“The important thing is to never stop questioning”
Science is a core subject of the national curriculum. It aims to ensure all pupils:
• develop scientific knowledge and conceptual understanding through the specific disciplines of biology, chemistry and physics
• develop understanding of the nature, processes and methods of science through different types of science enquiries that help them to answer scientific questions about the world around them
• are equipped with the scientific knowledge required to understand the uses and implications of science, today and for the future.
|At Fairhaven Primary School, we believe that science can be used to develop a healthy curiosity in our pupils. Our aim is to help pupils develop a sense of wonder and respect for the world and help them to ask and answer scientific questions about it. We believe science encompasses the acquisition of substantive and disciplinary knowledge, concepts, skills and positive attitudes. Working scientifically taught is an integral part of science at Fairhaven Primary. Through a hands-on, inquiry-based curriculum, children will experience the joy of asking questions, exploring and investigating. We ensure that pupils learn and develop the skills of working scientifically as they move through the school so they can apply their knowledge of science when using equipment, conducting experiments, building arguments, explaining concepts and continue to ask questions and be curious about their surroundings. We are ambitious in our intent to embed science learning through our Forest School work and our links with outside agencies, for example, the Norfolk Wildlife Trust. We also aim to plan an exciting and rich variety of science related experiences beyond the core curriculum through workshops, and special STEM events. Overall, we aim to equip our pupils with the scientific knowledge required to understand the uses and implications of science today and for the future.|
|At Fairhaven Primary we teach science in line with the national curriculum year group statements. From Early Years through to Year 6, our curriculum is designed to teach science in a clear sequence with an aim for knowledge or concepts to be securely in place before pupils progress to the next stage. Our curriculum is also designed to plan regular opportunities to revisit and build on knowledge so pupils learn and remember more. Within the Early Years Foundation Stage, science is planned in line with the Foundation Stage – Knowledge and Understanding of the World. From Year 1 upwards, science is planned in line with the National Curriculum for Key Stage 1 and 2. As pupils are taught in mixed age classes, we have a two-year science plan. Teachers use resources from the Curriculum Unity Schools Partnership (CUSP) to inform their planning. Science is taught as a discrete subject. Class teachers either teach science weekly or in a block of science in a concentrated format. Formative assessments are used to ensure that misconceptions in science can be addressed before moving on in learning. Summative assessments at the end of learning units help to build evidence of learning for each pupil. By the end of each key stage, pupils are expected to know, apply and understand the matters, skills and processes specified in the relevant programme of study. Prior learning and retrieval are to be used within each lesson with a focus on oracy and key vocabulary. New vocabulary and challenging concepts are introduced through direct teaching. Working scientifically skills are embedded into lessons to ensure these skills are developed throughout the pupils’ school careers. We recognise that the use of spoken language and subject-specific vocabulary is important in the effective teaching of science. Lessons aim to involve excellent oracy across all ages. Teachers model using scientific language when discussing scientific concepts, so pupils learn to use these terms in their own learning discussions. Lessons are planned so that pupils can use and apply their mathematics skills or as a way of embedding reading and writing skills. Events such as Science Week, visits from scientists and school trips enhance the science curriculum.|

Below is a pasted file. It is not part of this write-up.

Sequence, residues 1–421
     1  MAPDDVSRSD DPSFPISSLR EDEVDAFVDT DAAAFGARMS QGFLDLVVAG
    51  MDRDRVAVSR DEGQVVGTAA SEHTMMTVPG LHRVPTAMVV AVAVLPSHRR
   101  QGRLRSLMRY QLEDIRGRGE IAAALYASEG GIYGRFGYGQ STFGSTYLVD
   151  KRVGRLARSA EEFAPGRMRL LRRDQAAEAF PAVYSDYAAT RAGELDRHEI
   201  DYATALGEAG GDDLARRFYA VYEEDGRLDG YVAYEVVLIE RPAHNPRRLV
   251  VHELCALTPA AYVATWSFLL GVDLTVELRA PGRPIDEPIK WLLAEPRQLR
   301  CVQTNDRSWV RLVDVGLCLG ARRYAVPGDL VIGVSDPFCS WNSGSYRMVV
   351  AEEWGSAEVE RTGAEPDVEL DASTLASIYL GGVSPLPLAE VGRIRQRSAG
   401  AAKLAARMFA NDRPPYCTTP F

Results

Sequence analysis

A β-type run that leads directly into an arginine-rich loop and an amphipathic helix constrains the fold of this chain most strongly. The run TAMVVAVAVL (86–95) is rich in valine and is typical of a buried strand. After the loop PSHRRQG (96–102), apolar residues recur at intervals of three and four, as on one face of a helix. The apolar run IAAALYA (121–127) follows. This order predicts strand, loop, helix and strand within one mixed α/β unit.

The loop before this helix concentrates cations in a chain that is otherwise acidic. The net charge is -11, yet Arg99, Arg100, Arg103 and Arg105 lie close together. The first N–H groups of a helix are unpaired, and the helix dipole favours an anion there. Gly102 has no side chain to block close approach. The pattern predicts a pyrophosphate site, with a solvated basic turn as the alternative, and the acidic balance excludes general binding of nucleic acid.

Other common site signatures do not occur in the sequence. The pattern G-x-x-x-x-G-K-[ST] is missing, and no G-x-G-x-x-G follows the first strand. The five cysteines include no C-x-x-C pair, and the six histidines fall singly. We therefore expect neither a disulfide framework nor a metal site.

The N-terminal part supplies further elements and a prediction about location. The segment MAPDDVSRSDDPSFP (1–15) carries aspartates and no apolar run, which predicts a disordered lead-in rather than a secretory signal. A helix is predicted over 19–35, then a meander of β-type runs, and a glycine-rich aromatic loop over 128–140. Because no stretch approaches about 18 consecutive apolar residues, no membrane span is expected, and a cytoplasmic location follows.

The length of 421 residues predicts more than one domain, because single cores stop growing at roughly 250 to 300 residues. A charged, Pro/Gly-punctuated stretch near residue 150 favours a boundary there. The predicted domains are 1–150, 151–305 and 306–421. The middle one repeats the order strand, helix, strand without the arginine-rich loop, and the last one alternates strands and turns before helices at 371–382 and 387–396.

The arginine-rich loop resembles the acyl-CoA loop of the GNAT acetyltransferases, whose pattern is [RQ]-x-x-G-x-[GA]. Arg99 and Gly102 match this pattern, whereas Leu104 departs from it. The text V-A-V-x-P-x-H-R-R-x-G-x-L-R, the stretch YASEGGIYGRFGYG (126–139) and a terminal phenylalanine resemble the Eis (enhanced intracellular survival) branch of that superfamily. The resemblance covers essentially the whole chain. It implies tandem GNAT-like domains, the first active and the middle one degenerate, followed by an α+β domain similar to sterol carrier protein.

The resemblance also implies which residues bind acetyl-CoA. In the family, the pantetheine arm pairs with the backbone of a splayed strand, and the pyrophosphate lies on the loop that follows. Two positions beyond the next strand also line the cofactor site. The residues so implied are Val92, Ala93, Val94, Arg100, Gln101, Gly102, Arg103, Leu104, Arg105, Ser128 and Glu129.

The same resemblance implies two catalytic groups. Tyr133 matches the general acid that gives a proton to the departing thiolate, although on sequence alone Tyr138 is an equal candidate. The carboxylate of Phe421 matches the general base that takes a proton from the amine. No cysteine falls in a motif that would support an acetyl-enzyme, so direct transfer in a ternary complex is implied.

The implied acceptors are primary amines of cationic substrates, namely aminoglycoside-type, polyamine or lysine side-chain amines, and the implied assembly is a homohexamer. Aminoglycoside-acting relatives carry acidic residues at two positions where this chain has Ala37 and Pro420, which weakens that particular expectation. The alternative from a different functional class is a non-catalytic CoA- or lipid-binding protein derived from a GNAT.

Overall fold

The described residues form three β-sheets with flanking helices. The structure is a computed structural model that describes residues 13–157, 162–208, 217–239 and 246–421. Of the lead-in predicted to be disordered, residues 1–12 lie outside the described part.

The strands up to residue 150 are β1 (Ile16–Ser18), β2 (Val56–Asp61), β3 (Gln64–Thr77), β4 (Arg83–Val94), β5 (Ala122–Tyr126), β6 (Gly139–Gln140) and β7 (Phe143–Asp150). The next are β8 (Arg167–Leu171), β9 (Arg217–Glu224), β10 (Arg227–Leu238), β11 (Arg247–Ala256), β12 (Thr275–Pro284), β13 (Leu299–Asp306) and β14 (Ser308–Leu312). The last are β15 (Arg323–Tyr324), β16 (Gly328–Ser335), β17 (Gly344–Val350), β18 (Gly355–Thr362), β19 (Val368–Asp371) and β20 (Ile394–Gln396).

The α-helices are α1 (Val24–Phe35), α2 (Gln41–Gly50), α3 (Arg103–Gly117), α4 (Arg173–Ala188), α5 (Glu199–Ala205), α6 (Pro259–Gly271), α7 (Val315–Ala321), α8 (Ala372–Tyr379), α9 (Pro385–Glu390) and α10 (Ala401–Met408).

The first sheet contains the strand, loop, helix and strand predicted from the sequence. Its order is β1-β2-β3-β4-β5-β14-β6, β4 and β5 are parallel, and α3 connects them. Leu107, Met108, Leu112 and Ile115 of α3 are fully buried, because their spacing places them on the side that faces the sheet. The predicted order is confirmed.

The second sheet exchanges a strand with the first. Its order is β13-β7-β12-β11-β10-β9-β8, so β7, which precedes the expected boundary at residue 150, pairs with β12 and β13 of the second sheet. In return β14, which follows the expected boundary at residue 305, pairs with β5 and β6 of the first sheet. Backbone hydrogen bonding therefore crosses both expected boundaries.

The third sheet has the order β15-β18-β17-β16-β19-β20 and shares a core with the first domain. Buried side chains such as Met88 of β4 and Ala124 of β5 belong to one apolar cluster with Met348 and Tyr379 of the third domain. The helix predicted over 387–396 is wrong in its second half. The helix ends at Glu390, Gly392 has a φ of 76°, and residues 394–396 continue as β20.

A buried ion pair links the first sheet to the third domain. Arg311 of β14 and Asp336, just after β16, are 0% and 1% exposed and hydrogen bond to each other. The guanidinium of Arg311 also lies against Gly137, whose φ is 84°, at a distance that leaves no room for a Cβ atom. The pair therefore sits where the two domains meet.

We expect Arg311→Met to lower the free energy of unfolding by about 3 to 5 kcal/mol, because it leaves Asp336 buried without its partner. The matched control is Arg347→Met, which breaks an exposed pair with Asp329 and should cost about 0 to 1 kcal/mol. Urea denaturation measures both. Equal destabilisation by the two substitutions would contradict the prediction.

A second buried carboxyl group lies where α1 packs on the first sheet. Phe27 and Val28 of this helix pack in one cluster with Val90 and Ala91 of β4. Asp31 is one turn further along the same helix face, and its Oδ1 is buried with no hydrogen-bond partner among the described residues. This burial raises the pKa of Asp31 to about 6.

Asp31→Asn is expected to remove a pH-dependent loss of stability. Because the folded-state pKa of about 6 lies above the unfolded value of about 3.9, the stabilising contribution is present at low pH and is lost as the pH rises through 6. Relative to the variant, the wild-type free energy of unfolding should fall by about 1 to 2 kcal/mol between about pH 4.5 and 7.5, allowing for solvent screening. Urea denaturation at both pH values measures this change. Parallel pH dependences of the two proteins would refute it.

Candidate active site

|Through pupil voice, observation and monitoring, we are confident pupils can engage scientifically and have embedded scientific knowledge. Pupils understand how science has changed our lives and that it is vital to the world’s future prosperity. Pupils know about the possibilities for careers in science.|